Between 1980 and 2009, Americans’ consumption of trans fat dropped by about a third and intake of saturated fats declined as well, but both are still more common in daily diets than the American Heart Association (AHA) recommends, according to a new study.
“Other studies have previously shown a decline in trans fat intake over time, but our study is the first to look at such a long period of time,” lead author Mary Ann Honors of the Division of Epidemiology and Community Health in the School of Public Health at the University of Minnesota in Minneapolis.
“Trans fat intake declined by over one third, which was great to see,” Honors told Reuters Health by email.
The 12,500 people enrolled in the Minnesota Heart Study described in detail what they had eaten over the previous 24 hours in a series of six surveys over a 30-year period. Researchers compared their reported types and amounts of nutrients with recommendations from the 2010 Dietary Guidelines for Americans and AHA recommendations.
Over time, total fat, saturated fat and trans fat declined, but remained above recommended levels.
Total fat declined from an average of 39 percent of daily calorie intake to 33 percent. Trans fatty acids declined from 2.9 percent of calories to 1.9 percent for men.
That means trans fat intake decreased by 32 percent for men and 35 percent for women, on average.
The AHA recommends keeping trans fats, found in partially hydrogenated oils and noted on nutrition labels, to one percent or less of total calories consumed.
Saturated fats, found in fatty beef, lard, butter and coconut oil, declined as well but still accounted for more than 11 percent of daily calories for men and women in 2009, according to the results in the Journal of the American Heart Association.
The AHA recommends limiting saturated fat to between 5 percent and 6 percent of total calories.
Consumption of the healthy omega-3 fatty acids found in fatty fish like salmon, mackerel and herring, remained steady – but lower than recommendations – over the study period. These fats can be good for the heart, reducing blood pressure and triglyceride levels.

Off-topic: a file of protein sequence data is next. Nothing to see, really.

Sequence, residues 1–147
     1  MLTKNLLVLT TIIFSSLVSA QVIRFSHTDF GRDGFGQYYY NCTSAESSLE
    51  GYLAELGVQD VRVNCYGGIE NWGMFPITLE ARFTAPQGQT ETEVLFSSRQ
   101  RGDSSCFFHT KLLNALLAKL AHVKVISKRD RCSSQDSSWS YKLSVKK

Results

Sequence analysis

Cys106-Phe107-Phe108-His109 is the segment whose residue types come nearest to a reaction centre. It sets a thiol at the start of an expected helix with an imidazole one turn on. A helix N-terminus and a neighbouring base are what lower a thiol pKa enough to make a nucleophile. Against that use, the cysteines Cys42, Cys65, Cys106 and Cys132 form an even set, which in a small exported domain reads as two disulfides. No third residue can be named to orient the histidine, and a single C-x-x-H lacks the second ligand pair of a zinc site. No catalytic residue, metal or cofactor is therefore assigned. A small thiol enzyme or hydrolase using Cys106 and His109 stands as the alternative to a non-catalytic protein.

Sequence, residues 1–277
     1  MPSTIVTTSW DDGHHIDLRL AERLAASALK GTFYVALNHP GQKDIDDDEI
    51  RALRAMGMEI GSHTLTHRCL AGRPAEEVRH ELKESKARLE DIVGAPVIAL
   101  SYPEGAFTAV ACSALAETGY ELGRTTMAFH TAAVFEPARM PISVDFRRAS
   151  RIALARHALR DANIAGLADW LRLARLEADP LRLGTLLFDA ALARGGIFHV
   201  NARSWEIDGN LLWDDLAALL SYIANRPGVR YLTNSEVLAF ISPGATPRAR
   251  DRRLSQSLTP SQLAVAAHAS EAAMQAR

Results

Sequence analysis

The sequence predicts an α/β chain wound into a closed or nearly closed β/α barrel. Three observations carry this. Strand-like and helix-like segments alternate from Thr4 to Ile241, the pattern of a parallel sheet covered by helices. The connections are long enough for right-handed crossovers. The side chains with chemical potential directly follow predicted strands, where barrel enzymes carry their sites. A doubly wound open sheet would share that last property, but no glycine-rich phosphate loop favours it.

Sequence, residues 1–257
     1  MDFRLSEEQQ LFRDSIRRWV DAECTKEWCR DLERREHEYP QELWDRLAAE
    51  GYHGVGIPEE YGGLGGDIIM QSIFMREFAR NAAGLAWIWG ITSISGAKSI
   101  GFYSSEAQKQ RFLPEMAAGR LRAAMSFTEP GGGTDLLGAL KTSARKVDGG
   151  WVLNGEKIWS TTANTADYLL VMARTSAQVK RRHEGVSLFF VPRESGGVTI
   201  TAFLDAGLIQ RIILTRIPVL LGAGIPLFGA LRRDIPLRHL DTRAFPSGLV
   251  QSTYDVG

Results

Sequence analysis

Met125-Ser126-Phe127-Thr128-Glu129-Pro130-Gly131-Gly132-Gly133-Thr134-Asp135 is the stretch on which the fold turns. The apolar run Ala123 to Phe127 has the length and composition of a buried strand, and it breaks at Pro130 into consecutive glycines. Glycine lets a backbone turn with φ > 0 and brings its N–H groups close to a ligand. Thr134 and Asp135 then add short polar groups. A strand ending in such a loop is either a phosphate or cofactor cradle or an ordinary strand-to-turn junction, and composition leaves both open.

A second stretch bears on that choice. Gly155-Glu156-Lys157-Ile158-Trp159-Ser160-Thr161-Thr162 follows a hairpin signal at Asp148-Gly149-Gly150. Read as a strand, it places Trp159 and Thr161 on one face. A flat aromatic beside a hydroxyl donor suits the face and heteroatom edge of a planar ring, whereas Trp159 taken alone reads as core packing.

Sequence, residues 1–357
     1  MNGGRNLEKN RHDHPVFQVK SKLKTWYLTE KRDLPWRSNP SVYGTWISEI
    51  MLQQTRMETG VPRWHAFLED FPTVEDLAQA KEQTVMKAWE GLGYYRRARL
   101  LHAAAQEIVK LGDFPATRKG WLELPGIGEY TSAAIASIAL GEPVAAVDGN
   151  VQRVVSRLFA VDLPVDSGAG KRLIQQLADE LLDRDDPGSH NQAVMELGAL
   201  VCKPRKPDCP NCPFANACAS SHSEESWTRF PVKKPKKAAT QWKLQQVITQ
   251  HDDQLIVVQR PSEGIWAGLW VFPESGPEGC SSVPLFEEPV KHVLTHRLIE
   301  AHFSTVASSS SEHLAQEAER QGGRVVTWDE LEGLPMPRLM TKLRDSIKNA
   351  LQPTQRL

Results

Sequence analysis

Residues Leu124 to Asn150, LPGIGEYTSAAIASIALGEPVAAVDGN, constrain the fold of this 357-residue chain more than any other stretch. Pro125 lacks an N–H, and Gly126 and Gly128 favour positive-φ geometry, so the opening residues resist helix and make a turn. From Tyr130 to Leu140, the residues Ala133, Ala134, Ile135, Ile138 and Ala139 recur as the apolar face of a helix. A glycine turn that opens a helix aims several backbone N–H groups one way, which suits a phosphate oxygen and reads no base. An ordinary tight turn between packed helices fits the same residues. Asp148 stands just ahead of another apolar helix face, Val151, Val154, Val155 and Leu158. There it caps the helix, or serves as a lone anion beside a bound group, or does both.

The study examined trends in fat consumption, not the reasons behind them, but there could be several explanations for the decline, Honors said.
“For example, Food and Drug Administration regulations now require the trans fat content to be included on the Nutrition Facts Panel of packaged foods, making it easier for consumers to identify foods containing trans fats and to avoid those products,” she said. “In addition, many food manufacturers have begun to reduce the trans fat content of their products, resulting in fewer trans fat-containing food products in the marketplace.”
Trans fats are naturally found in low amounts in some foods, including meats, she noted, but the majority of trans fats that people consume are from processed foods.
“The evidence is compelling enough to aim for the elimination of trans fats entirely,” said Rajiv Chowdhury, a senior research associate in Global Cardiovascular Health in the School of Clinical Medicine at the University of Cambridge in the UK. “There is also an increasing realization that trans fats are potentially even worse than saturated fats for cardiovascular health.”
Saturated fats, on the other hand, need to be studied further as the current evidence indicates that their health effects may vary widely based on type and source, he told Reuters Health by email. The saturated fats available in dairy products may not be harmful, said Chowdhury, who was not involved in the new study.
“Because researchers have found that consuming trans and saturated fats may increase cardiovascular disease risk, it may be particularly important for individuals with an elevated risk of cardiovascular disease to avoid these nutrients and follow the recommendations,” Honors said. “Diet is one important avenue for reducing cardiovascular disease risk.”